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Collision in 2 dimensions

  • Thread starter skonstanty
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  • #1
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Puck A has a mass of 0.025 kg and is moving along the x-axis with a velocity of +5.5 m/s. It makes a collision with Puck B, which has a mass of 0.050 kg and is initially at rest. The collision is not head-on. After the collision, the two pucks fly apart with the angles: Puck A 65 degrees north of east and Puck B at 37 degrees south of east.

Find the final speed of a) Puck A and b) Puck B.

Please help!!!!
 

Answers and Replies

  • #2
arildno
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Set up the equation of conservation of linear momentum; we'll take it from there..
 
  • #3
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m1vf1+m2vf2=m1v01+m2v02
 
  • #4
arildno
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That's true enough, as long as you remember that the velocities are, in general vectors (Right?).

Now, we have been given the DIRECTIONS of the resultant velocities; so what we need to determine in our problem, is the MAGNITUDES (speeds) of these velocities.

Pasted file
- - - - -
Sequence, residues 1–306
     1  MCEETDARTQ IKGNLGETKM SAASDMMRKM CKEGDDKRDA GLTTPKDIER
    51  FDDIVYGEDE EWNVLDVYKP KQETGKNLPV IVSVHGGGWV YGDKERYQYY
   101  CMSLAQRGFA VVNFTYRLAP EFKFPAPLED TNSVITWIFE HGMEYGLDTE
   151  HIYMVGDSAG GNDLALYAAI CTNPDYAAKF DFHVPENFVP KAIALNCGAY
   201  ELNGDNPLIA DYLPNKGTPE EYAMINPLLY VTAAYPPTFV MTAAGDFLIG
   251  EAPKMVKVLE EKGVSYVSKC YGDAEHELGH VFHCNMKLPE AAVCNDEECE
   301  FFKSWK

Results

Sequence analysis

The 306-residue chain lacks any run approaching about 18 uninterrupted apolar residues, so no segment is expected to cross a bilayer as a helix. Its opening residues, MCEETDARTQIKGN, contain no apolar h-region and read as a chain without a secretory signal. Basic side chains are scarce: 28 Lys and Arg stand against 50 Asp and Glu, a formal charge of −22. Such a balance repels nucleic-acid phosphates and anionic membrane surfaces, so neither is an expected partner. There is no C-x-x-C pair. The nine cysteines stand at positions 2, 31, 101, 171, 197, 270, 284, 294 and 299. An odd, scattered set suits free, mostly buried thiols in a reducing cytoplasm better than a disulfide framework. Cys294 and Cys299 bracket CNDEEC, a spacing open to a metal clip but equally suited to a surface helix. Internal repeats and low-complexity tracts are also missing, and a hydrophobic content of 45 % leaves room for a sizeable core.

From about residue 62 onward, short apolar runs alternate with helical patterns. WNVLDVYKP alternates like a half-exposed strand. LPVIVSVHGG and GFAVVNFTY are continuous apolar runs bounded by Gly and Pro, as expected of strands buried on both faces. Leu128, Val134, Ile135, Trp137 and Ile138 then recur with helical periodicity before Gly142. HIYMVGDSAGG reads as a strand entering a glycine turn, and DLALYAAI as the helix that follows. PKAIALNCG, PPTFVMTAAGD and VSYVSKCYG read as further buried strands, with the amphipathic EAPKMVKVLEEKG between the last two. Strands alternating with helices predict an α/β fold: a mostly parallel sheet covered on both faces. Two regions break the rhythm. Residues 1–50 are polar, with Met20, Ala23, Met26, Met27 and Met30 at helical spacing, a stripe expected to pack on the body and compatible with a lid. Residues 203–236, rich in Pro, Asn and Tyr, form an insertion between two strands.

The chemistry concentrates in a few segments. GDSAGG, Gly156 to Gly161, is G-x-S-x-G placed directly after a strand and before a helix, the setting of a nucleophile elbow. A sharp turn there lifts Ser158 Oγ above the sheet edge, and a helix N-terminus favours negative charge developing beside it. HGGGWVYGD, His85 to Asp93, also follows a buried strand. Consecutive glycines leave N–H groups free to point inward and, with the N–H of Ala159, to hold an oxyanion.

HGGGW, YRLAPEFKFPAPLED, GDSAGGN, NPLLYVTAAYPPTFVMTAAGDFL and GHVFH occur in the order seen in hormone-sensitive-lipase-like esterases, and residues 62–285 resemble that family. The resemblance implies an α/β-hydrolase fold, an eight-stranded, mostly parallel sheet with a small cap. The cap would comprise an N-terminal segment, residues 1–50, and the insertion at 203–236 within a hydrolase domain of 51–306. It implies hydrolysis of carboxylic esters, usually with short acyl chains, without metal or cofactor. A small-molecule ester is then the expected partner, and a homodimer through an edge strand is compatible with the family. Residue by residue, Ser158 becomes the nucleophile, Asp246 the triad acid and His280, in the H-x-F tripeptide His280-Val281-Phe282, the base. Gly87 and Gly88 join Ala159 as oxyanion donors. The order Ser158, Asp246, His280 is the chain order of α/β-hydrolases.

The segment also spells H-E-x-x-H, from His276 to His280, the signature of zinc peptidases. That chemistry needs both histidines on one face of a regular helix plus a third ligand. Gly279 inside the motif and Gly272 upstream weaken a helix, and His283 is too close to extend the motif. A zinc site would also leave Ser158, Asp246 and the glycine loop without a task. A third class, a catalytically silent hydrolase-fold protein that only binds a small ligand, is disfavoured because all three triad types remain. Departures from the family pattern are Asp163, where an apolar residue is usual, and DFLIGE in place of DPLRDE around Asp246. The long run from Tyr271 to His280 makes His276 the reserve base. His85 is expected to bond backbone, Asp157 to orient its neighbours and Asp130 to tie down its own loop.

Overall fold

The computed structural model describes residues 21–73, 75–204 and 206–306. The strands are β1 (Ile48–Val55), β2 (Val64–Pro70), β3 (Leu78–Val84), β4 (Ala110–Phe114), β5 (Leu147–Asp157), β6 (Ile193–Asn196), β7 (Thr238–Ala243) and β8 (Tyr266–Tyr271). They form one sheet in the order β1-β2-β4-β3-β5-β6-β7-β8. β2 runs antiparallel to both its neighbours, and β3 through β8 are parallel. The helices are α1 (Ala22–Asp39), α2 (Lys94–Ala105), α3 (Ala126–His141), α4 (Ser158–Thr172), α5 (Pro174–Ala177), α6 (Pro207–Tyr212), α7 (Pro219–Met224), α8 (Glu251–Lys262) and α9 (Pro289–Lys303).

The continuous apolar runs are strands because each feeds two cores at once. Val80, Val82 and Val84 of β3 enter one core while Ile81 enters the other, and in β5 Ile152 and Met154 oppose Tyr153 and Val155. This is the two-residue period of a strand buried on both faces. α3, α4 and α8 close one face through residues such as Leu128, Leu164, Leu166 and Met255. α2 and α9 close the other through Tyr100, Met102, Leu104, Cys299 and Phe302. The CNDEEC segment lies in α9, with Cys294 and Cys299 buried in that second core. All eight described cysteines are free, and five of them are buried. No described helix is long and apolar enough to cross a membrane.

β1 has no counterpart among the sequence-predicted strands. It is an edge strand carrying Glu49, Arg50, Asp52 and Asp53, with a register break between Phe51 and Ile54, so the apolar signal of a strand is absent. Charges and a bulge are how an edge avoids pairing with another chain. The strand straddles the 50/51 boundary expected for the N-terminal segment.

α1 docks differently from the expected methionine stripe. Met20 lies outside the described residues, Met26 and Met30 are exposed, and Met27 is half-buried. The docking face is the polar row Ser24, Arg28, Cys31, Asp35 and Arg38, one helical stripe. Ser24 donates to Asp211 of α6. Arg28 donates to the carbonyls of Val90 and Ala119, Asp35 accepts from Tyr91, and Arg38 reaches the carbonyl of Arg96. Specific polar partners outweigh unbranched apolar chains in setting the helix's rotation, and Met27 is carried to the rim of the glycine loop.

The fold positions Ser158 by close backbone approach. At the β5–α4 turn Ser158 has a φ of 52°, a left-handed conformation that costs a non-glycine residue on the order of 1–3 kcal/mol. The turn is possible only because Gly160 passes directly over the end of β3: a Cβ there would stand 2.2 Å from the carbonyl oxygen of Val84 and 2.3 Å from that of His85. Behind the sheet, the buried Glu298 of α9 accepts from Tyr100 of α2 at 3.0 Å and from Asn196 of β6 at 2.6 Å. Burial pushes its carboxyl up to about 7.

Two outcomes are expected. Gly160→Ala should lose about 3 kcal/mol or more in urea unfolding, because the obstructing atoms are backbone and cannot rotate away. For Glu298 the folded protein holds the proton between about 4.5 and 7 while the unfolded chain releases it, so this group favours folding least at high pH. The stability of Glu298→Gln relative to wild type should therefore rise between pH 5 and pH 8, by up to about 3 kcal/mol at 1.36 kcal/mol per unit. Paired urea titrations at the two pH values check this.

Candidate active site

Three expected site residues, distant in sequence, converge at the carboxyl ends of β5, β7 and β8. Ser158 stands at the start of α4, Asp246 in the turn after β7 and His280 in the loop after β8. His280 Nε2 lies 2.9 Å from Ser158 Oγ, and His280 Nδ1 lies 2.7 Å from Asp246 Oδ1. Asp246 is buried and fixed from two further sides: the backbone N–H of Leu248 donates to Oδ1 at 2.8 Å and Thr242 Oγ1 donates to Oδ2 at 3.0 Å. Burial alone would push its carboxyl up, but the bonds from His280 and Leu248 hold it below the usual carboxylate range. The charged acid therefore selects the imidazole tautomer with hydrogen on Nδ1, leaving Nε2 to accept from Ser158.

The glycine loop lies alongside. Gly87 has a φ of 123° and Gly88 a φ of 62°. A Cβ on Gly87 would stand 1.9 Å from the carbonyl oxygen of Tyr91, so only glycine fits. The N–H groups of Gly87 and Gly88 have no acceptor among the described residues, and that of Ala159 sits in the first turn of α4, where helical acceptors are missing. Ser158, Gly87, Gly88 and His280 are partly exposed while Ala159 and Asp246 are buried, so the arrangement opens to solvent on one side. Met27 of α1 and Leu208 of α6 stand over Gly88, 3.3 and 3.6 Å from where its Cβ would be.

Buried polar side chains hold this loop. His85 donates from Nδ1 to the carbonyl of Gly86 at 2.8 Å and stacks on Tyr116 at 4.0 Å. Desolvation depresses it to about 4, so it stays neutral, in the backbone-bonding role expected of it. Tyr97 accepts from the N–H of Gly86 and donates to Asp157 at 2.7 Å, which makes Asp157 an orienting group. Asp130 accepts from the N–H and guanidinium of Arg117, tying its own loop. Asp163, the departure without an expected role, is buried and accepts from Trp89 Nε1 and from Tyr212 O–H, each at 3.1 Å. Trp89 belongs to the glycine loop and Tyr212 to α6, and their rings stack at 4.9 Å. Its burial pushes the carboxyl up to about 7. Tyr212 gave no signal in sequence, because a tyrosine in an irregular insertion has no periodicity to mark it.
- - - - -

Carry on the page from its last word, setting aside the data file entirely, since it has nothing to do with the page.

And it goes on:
Do you agree that this is what you have to find out?
 
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yes I agree
 
  • #6
arildno
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Okay:
Can you set up the DIRECTION vectors of your two resultant velocities, in terms of their east/north COMPONENTS?
 
  • #7
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sin65 and cos 37?
 
  • #8
arildno
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That's not vectors is it?
I'll take the first one for you:
Let [tex]\vec{i}[/tex] be the unit vector eastwards along the positive x-axis.
The unit vector northwards is therefore along the positive y-axis, that is [tex]\vec{j}[/tex]
The directionvector always have unit length, and we know that the first one is 65 degrees north of east.
Hence, we have the first direction vector:
[tex]\vec{d}_{1}=\cos(65)\vec{i}+\sin(65)\vec{j}[/tex]
can you set up the other direction vector?
 
  • #9
arildno
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Just to move this thread onwards, do you understand why the second direction vector is:
[tex]\vec{d}_{2}=\cos(37)\vec{i}-\sin(37)\vec{j}[/tex]

Secondly, now that you have the direction vectors, reformulate the conservation lof linear momentum by including these!
 

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